It was a simple (and effective!) rule:  If what you want to say does not meet the criteria of T.H.I.N. K. (true, helpful, inspiring, necessary, kind) then

just.

don’t.

say.

it.

THINK ACRONYM

I wish grown-ups would follow the same advice. 

Especially when it comes to offering up “helpful hints” to broken hearts.

In that instance it is rarely a case of another person aiming to be ugly or to hurt someone, but words are not neutral and they do hurt when tossed out carelessly by people who really just don’t understand another person’s pain.

So, for those who are tempted to fill empty spaces with empty words, may I help you apply the T.H.I.N.K acronym to the kinds of situations more likely to face us as adults?

T-Is it true?  You may think that giving out a Bible verse would automatically mean you were safe on this count.  Yes.  God’s Word is truth.  But how we use it and whether or not we understand the context can make a particular application of God’s Word UNTRUE.  And even if we get the context right, hammering a heart with a Bible verse may not be helpful.  You are not the Holy Spirit.  Let Him breathe truth gently into a wounded heart.

H-Is it helpful? This is tricky because sometimes what is helpful for one person is unhelpful for another.  I try to use this as my litmus test:  When have I ever been distraught and helped by someone pointing out the obvious? Or laying out a plan of action (when they don’t have access to the full picture)? Or reminding me that “all things work together for good” when right now all things really stink?  If there is any doubt about whether or not what I say will be helpful, I swallow my words.

I-Is it inspirational?  The word, “inspire” has roots in the the idea of breathing into someone or something.  Will my comment put wind in a person’s sails?  Will it breathe courage into his or her heart?  Will it lift them up and help them hold onto hope?  Is it the equivalent of mouth-to-mouth resuscitation or am I instead sucking what little breath they have left out of their body?

N-Is it necessary?  This single criteria helps me hold my tongue so many times.  I might think of lots of things but is is necessary for me to speak them?  Am I warning someone of impending danger or am I just trying to make myself sound wise or insisting on making a point?  To be honest, very few things I have to say are necessary. Most of the time a hand on the shoulder, a hug, a smile, a friendly nod are the only thing someone really needs.

K-Is it kind?  The word kind comes from the same root as “kin”-which means family.  Is what I’m going to say something I’d want someone to say to me or my close family?  Am I treating (with my words) this person they way I want to be treated?  The Golden Rule, rules.

I can’t claim to always follow my own good advice.

But when I do, I find that I am building people up, not tearing them down.

There’s enough tearing down in the world.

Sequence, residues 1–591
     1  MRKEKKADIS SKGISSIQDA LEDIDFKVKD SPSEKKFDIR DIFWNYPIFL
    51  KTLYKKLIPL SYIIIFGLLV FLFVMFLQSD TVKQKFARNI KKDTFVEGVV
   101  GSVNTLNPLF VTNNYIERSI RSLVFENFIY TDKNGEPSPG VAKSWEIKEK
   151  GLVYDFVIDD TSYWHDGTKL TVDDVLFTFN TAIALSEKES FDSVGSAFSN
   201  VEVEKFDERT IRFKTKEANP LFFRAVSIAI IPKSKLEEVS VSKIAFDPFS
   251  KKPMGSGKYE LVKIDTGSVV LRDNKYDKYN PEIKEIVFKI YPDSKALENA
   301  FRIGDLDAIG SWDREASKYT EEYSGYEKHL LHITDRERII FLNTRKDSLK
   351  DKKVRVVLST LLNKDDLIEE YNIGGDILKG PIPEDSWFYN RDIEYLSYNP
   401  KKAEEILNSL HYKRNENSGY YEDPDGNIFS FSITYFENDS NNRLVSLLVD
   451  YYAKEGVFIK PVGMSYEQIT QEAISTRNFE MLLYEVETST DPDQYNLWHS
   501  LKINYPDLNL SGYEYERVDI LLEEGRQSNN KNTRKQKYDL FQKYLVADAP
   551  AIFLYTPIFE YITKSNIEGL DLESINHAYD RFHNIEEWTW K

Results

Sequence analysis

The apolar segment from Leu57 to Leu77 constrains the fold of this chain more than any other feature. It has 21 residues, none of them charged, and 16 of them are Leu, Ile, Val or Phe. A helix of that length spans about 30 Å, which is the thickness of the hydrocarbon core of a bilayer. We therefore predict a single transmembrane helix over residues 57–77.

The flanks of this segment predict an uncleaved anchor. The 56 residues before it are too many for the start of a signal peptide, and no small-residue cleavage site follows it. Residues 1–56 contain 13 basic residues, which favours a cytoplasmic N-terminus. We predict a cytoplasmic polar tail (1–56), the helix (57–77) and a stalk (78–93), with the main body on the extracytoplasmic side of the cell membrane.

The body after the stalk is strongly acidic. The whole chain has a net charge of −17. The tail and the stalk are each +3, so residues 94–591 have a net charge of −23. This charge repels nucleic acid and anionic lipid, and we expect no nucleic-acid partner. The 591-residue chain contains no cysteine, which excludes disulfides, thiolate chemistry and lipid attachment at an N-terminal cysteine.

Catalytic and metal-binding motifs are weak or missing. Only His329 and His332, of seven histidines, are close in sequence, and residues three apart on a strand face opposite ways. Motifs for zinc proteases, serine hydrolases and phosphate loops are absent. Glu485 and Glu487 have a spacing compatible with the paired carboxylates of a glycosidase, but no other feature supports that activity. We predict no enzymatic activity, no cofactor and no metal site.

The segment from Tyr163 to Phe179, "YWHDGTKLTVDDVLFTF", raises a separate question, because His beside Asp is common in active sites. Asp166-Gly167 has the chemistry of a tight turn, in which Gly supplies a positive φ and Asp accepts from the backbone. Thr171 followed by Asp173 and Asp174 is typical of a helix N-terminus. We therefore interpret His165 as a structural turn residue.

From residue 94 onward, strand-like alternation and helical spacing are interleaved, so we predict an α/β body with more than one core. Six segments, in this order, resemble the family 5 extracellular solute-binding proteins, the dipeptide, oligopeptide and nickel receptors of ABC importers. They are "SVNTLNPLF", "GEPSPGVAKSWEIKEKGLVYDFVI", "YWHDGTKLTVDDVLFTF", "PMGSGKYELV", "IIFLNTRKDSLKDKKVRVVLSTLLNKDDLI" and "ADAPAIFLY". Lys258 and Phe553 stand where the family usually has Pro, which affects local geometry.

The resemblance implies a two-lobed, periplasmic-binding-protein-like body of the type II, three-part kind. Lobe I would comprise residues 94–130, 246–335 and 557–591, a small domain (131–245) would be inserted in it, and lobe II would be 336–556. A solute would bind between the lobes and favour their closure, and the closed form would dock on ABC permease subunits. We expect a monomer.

I want to speak light and life.

a candle loses nothing by lighting another candle

Code Words and the Jesus Juke

In the South we have our ways.  Our ways of marginalizing folks who don’t quite fit in with who we think they should be or how we expect them to act.

Mostly we use code words.  Words that seem innocent enough to the uninitiated but pack a punch if you have inside information and know what they really mean.

Any sentence that begins, “Bless her heart….” will almost surely end with a tidbit of gossip that undermines a reputation.

Sometimes we switch it up (especially in church) with “I think we need to pray for…”.  Because we all know asking for prayer is holy, even if the situation isn’t and the person mentioned would just as soon her business stay private.

Social media has its own code words too.

Vague references to someone or something we don’t like or agree with usually begin with,  “Ugh!  I just don’t understand why….” followed by a litany of thinly veiled complaints.

But sometimes the code isn’t very complicated and it’s really easy for others to figure out precisely who or what you are talking about.

And it damages reputations and hurts feelings and you may sit back in  your chair, tablet or laptop in hand, thinking, “Not my problem.  I didn’t say WHO it was”.

But it IS your problem.

Even when you cloak your complaint or comment in biblical references or godly quotes, bottom line is you are accusing or mocking or undermining someone else.

My daughter calls it “Jesus juking”-tacking on a Bible verse before or after a remark in an attempt to shut down discussion or rebuttal.

Because if someone tries to disagree with YOU, it’s set up to make them look like they are disagreeing with Scripture or God Himself.

I don’t like these games people play.  I don’t like code words.  I don’t like tactics intended to make others feel small so I can feel larger.

Sometimes you have to fight fire with fire. Sometimes social media forces my hand and I have to speak publicly on what I would rather discuss privately.

But that’s rare.

If I have a problem with someone, I try to take it directly to THEM.

And I hope they will do the same with me. ❤

did I offer peace